Bipolar Disorders 10/2014; 17(2). DOI:10.1111/bdi.12273 · 4.89 Impact Factor
  • Source
    [Show abstract] [Hide abstract]
    ABSTRACT: Bipolar disorder is a psychopathy characterized by manic and major depressive episodes. It is important to determine the degree of depression when treating patients with bipolar disorder because 810% of bipolar patients commit suicide during the periods in which they experience major depressive episodes. The Hamilton depression rating scale is most commonly used to estimate the degree of depression in a patient. This paper proposes using the Hamilton depression rating scale to estimate the effectiveness of patient treatment based on the linear mixed effects model and the transition model. Study subjects were recruited from the Seoul National University Bundang Hospital who scored 8 points or above in the Hamilton depression rating scale on their first medical examination. The linear mixed effects model and the transition model were fitted using the Hamilton depression rating scales measured at the baseline, six month, and twelve month follow-ups. Then, Hamilton depression rating scale at the twenty-four month follow-up was predicted using these models. The prediction models were then evaluated by comparing the observed and predicted Hamilton depression rating scales on the twenty-four month follow-up.
    04/2014; 27(2). DOI:10.5351/KJAS.2014.27.2.317
  • Source
    [Show abstract] [Hide abstract]
    ABSTRACT: Bipolar disorder is characterized by debilitating episodes of depression and mood elevation (mania or hypomania). For most patients, depressive symptoms are more pervasive than mood elevation or mixed symptoms, and thus have been reported in individual studies to impose a greater burden on affected individuals, caregivers, and society. This article reviews and compiles the literature on the prevalence and burden of syndromal as well as subsyndromal presentations of depression in bipolar disorder patients. The PubMed database was searched for English-language articles using the search terms "bipolar disorder," "bipolar depression," "burden," "caregiver burden," "cost," "costs," "economic," "epidemiology," "prevalence," "quality of life," and "suicide." Search results were manually reviewed, and relevant studies were selected for inclusion as appropriate. Additional references were obtained manually from reviewing the reference lists of selected articles found by computerized search. In aggregate, the findings support the predominance of depressive symptoms compared with mood elevation/mixed symptoms in the course of bipolar illness, and thus an overall greater burden in terms of economic costs, functioning, caregiver burden, and suicide. This review, although comprehensive, provides a study-wise aggregate (rather than a patient-wise meta-analytic) summary of the relevant literature on this topic. In light of its pervasiveness and prevalence, more effective and aggressive treatments for bipolar depression are warranted to mitigate its profound impact upon individuals and society. Such studies could benefit by including metrics not only for mood outcomes, but also for illness burden. Copyright © 2014 Elsevier B.V. All rights reserved.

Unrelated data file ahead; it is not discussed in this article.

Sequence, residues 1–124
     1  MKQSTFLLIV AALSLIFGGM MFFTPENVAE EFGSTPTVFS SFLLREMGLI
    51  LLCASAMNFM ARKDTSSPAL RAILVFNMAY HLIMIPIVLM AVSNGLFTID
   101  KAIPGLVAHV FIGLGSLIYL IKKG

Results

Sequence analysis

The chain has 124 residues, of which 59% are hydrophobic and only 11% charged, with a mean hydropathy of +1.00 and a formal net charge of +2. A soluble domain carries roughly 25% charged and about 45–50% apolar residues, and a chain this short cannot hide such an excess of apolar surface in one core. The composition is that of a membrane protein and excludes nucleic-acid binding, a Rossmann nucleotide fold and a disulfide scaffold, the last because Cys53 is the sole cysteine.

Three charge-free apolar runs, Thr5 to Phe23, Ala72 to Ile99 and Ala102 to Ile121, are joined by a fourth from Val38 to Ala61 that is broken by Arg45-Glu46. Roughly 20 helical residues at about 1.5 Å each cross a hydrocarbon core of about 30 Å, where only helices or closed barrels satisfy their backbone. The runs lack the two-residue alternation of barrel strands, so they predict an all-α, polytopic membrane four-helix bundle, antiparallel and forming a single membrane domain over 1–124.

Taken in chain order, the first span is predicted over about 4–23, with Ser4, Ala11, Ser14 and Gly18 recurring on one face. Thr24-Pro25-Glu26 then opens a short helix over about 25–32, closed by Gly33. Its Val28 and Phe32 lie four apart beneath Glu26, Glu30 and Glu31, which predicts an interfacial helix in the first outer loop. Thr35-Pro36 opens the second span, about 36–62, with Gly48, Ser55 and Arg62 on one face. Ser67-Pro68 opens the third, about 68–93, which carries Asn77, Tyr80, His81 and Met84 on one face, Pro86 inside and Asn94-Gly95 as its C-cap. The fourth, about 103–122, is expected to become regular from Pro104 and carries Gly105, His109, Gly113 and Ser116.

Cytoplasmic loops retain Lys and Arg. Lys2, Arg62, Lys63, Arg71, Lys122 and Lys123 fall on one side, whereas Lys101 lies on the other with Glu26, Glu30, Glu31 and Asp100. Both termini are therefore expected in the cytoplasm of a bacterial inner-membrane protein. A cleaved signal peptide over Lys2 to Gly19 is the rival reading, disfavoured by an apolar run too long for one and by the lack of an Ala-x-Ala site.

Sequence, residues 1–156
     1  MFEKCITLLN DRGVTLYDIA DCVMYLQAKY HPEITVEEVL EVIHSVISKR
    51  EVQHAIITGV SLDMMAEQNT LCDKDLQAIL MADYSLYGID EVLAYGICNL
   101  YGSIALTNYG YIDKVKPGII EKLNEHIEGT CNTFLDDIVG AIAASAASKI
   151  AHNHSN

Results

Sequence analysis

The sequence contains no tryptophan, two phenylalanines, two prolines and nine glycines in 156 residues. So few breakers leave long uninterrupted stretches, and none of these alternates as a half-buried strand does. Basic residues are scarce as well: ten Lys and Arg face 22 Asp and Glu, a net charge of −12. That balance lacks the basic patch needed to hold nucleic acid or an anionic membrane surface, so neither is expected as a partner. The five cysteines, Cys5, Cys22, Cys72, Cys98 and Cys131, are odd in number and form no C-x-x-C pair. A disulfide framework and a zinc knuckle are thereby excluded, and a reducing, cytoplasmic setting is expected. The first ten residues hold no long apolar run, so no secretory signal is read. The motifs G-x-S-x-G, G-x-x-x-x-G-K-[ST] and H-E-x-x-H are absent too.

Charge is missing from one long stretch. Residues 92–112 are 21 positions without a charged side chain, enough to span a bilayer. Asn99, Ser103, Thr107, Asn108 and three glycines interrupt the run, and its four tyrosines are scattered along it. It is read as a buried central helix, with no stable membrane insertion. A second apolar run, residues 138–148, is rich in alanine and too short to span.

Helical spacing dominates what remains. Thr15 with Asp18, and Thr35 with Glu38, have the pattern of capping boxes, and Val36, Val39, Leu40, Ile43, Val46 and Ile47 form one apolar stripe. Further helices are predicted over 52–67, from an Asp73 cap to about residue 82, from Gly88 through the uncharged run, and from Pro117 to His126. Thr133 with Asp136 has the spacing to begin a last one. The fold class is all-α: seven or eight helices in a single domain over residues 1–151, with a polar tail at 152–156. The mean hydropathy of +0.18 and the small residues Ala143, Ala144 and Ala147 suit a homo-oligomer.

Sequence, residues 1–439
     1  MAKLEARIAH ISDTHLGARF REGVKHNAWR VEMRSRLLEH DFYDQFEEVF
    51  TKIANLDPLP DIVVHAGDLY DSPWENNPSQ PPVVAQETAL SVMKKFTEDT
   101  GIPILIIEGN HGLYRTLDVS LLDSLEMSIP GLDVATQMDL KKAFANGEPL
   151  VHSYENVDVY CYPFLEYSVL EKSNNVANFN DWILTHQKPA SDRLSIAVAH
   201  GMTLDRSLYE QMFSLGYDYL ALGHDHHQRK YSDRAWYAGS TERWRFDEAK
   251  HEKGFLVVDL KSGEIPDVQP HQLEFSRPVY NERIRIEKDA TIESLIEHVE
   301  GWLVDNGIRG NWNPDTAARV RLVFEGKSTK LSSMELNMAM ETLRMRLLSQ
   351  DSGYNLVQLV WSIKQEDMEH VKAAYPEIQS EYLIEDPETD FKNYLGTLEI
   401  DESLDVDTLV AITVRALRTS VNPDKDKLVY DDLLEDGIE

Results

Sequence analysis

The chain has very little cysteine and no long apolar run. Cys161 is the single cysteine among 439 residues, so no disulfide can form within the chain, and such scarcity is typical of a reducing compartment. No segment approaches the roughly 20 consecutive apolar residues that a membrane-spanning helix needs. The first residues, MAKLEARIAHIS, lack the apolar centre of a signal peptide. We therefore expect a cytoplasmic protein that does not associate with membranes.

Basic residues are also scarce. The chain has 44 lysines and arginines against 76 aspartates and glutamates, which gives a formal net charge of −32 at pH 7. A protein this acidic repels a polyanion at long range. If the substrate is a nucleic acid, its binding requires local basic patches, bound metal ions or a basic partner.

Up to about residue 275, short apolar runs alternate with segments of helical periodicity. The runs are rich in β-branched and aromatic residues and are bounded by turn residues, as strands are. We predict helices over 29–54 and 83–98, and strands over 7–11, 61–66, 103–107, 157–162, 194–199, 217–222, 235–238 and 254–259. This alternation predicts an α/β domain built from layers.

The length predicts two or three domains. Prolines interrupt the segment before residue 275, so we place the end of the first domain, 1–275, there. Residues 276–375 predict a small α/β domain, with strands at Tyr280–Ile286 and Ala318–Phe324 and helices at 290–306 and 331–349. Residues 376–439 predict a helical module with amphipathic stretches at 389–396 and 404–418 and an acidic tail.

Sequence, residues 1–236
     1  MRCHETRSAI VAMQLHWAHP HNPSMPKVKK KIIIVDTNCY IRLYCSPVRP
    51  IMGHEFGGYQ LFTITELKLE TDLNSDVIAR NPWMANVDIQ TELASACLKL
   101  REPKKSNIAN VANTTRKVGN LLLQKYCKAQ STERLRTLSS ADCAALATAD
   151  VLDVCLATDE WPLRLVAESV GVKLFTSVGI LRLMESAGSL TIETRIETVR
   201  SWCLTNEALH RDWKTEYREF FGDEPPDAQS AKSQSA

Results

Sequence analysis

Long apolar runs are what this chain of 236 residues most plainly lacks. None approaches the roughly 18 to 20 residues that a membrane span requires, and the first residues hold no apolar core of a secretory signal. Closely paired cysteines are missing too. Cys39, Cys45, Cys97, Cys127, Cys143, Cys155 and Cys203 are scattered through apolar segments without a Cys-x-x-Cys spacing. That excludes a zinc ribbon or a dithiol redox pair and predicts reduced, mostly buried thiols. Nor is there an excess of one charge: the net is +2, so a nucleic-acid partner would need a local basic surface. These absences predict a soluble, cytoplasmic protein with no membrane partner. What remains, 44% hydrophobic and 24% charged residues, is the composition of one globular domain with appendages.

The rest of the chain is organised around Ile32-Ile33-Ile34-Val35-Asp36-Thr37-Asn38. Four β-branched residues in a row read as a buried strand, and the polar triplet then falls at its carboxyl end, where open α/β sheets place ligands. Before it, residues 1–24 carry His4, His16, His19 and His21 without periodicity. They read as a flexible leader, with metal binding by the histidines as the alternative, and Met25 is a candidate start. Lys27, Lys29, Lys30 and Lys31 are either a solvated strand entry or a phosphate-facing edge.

Journal of Affective Disorders 12/2014; 169S1:S3-S11. DOI:10.1016/S0165-0327(14)70003-5 · 3.71 Impact Factor

Full-text (2 Sources)

Download
45 Downloads
Available from
May 30, 2014